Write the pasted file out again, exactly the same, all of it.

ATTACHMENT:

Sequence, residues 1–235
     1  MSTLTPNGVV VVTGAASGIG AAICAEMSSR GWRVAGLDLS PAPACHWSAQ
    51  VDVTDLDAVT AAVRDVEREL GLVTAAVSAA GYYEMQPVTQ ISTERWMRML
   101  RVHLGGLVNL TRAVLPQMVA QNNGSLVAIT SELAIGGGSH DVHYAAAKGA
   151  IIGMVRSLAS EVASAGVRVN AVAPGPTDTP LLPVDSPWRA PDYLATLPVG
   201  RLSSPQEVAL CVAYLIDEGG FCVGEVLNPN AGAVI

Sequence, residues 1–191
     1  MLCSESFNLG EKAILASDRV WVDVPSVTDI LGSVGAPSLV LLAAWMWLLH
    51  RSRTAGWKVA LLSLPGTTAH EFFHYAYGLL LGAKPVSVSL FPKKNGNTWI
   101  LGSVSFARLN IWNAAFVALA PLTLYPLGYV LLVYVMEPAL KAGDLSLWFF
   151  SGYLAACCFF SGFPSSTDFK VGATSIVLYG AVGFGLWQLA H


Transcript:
Sequence, residues 1–235
     1  MSTLTPNGVV VVTGAASGIG AAICAEMSSR GWRVAGLDLS PAPACHWSAQ
    51  VDVTDLDAVT AAVRDVEREL GLVTAAVSAA GYYEMQPVTQ ISTERWMRML
   101  RVHLGGLVNL TRAVLPQMVA QNNGSLVAIT SELAIGGGSH DVHYAAAKGA
   151  IIGMVRSLAS EVASAGVRVN AVAPGPTDTP LLPVDSPWRA PDYLATLPVG
   201  RLSSPQEVAL CVAYLIDEGG FCVGEVLNPN AGAVI

Sequence, residues 1–191
     1  MLCSESFNLG EKAILASDRV WVDVPSVTDI LGSVGAPSLV LLAAWMWLLH
    51  RSRTAGWKVA LLSLPGTTAH EFFHYAYGLL LGAKPVSVSL FPKKNGNTWI
   101  LGSVSFARLN IWNAAFVALA PLTLYPLGYV LLVYVMEPAL KAGDLSLWFF
   151  SGYLAACCFF SGFPSSTDFK VGATSIVLYG AVGFGLWQLA H